Chain surveying can be defined as the method of surveying the land area by dividing the area into triangles. Hence the principle of chain surveying is TRIANGULATION. The triangles developed must be WELL CONDITIONED TRIANGLES.
Point to Remember: If the three sides of the triangle are known, there is no need to determine the angle of inclinations of the triangles.
Principle of Chain Surveying
The principles of chain surveying are:
 The whole area that need to be surveyed is divided into a skeleton of framework that consists of a number of well connected network of well conditioned triangles. This is the principle of Triangulation.
 The details are located with respect to the sides of a triangle or any subsidiary lines that is running between the sides by taking lateral measurements called the offsets.
Chain Surveying Suitability & Unsuitability
SUITABILITY

UNSUITABILITY

More or
less leveled ground surface

Crowded
Area

Area of
surveying is small

Area
with too many undulations

Preparation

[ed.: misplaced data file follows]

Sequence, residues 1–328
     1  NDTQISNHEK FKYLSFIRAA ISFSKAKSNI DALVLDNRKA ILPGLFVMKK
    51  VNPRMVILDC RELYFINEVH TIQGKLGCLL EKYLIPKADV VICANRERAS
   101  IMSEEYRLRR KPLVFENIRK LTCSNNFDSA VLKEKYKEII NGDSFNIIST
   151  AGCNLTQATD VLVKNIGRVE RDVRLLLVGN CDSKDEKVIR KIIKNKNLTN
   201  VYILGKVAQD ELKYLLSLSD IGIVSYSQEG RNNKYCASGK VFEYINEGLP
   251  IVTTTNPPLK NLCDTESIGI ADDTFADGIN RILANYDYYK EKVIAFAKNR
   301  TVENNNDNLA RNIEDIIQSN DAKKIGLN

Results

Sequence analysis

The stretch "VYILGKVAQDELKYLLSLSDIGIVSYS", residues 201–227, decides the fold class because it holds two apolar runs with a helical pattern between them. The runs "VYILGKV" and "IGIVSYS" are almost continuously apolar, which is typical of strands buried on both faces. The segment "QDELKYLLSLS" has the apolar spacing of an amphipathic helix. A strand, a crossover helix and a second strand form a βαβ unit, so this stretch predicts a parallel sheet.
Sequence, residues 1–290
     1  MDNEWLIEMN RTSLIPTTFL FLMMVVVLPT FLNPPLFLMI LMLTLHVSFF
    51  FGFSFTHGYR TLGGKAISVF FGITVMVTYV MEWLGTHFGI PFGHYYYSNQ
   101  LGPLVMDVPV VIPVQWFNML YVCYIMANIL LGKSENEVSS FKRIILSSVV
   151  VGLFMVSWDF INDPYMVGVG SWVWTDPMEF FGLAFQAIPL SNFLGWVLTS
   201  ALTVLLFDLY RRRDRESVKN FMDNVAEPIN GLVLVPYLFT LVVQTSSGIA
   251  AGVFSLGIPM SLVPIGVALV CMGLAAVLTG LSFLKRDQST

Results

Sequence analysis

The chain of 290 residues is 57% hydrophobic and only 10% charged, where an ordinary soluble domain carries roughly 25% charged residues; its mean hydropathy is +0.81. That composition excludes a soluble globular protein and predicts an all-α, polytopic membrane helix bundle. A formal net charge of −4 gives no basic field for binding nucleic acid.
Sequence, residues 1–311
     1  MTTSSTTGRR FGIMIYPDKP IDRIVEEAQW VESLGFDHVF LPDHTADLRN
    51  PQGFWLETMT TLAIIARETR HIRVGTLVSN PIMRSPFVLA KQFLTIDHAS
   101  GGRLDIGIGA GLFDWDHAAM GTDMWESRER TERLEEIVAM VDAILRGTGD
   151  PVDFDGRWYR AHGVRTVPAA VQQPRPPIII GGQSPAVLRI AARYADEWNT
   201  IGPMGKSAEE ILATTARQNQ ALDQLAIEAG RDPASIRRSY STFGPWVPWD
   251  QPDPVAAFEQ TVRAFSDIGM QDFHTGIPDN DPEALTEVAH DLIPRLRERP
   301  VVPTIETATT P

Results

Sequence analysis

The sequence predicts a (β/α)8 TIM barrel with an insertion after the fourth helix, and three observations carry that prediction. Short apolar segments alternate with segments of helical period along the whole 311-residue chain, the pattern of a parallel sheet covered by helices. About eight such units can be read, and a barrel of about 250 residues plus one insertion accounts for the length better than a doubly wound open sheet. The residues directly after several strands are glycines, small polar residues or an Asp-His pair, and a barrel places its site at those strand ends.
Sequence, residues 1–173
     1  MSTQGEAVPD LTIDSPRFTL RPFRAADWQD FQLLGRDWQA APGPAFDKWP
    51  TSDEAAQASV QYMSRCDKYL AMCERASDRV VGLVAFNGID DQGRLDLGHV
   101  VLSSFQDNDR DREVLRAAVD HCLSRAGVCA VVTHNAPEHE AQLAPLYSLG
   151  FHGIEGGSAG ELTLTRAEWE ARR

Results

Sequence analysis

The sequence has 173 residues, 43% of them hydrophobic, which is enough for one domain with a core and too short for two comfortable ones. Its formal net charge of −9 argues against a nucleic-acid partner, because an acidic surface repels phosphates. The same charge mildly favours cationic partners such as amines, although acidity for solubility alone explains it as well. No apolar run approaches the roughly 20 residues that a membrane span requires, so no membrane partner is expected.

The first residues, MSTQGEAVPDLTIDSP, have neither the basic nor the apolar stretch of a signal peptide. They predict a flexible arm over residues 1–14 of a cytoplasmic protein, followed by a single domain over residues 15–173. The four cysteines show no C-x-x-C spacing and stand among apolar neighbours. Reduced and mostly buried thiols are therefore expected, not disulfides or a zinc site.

of smallscale map

Area is
very large

Wellconditioned the triangle can be formed easily

Difficulty
in the formation of wellconditioned triangles

LargeScale and SmallScale Maps
A map is said to be a large scale when 1cm of the map represents a small distance. Say,1cm = 1m, i.e. RF = 1/100;
A map is said to be a small scale when 1cm of the map represents a smallscale map.
1cm = 100m; i.e. RF = 1/10000;
Points to Remember: A map with RF value less than 1/500 is called as LARGESCALE MAPS & a map with RF value greater than 1/500 is called as SMALLSCALE MAPS.
WellConditioned Triangles and IllConditioned Triangles
The wellconditioned triangle has perfect apex points that are sharp and are located by single ‘dot’. This will bring no possibility of relative displacement of the plotted point.
An illconditioned triangle is a triangle with an internal angle (A) in the range 120<A<30.
Points to Remember: Chain Surveying does not employ illconditioned triangles. These triangles have no perfect apex points which are neither sharp nor welldefined. Any slight displacement results in large errors in plotting.
Read More:
 What is Principle of Surveying?
 What is Chain Surveying?
 Reconnaissance Survey and Index Sketch in Chain Surveying
 What is a Site Plan? What is the Purpose of Site Plan? When is Site Plan Required? What are the Types of Site Plans?
 Linear Measurements in Surveying
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